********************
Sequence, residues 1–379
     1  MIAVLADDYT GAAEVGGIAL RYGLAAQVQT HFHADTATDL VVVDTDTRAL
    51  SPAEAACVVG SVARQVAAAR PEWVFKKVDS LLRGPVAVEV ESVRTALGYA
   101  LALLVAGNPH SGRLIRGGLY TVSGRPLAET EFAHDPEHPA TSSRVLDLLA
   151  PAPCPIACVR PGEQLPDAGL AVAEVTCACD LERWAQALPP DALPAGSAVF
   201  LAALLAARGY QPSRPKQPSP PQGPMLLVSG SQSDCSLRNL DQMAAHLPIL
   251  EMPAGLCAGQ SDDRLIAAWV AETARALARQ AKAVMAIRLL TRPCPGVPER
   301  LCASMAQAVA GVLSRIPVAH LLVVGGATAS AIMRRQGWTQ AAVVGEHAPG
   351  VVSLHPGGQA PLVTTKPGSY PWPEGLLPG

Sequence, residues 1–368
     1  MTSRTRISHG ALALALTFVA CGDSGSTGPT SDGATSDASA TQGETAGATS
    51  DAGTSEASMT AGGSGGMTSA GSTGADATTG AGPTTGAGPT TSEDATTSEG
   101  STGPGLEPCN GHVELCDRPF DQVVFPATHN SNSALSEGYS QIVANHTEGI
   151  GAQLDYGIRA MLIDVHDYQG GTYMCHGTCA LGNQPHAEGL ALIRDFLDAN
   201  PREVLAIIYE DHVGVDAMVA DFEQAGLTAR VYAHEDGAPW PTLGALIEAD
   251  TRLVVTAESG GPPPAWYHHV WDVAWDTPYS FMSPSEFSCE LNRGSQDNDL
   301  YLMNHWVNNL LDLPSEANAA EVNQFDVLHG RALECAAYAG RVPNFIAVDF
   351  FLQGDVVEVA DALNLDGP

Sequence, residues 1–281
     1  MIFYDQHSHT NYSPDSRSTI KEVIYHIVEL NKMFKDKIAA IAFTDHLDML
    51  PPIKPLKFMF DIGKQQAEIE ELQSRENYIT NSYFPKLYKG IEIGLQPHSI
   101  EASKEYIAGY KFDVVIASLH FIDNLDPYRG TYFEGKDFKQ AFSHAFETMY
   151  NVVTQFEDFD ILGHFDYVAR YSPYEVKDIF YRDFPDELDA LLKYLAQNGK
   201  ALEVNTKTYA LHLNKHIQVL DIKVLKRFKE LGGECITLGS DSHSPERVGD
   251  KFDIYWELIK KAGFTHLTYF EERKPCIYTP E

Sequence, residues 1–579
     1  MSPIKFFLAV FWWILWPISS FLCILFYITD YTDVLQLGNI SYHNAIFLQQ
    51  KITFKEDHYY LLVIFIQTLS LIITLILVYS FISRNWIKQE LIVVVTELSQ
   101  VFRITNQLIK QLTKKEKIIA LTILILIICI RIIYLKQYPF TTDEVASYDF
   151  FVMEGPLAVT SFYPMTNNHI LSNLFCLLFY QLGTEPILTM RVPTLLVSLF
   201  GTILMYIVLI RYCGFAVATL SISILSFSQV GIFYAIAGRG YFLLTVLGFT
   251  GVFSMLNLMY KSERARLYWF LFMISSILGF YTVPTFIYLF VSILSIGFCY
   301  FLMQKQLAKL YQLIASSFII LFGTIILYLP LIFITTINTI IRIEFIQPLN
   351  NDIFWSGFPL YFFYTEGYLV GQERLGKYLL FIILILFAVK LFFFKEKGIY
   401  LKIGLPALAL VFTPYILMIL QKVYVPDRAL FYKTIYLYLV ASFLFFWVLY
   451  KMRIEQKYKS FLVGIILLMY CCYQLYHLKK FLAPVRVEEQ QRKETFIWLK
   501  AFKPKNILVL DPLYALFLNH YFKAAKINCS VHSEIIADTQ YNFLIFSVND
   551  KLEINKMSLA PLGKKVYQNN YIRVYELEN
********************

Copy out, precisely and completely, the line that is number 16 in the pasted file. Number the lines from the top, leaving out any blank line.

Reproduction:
   251  TRLVVTAESG GPPPAWYHHV WDVAWDTPYS FMSPSEFSCE LNRGSQDNDL